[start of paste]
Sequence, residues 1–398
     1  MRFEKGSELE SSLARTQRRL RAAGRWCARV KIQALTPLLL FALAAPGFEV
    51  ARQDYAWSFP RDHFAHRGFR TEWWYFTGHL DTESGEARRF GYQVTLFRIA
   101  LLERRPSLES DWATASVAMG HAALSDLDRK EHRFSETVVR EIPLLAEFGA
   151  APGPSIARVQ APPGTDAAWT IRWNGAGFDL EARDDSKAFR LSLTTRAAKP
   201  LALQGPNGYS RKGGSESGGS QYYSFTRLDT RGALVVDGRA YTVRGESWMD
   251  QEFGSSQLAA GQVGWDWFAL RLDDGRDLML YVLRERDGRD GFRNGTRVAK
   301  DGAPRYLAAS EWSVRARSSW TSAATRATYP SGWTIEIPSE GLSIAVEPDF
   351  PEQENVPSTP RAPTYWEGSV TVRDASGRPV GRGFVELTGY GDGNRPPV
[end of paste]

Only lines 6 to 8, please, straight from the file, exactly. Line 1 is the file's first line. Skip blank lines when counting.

   201  LALQGPNGYS RKGGSESGGS QYYSFTRLDT RGALVVDGRA YTVRGESWMD
   251  QEFGSSQLAA GQVGWDWFAL RLDDGRDLML YVLRERDGRD GFRNGTRVAK
   301  DGAPRYLAAS EWSVRARSSW TSAATRATYP SGWTIEIPSE GLSIAVEPDF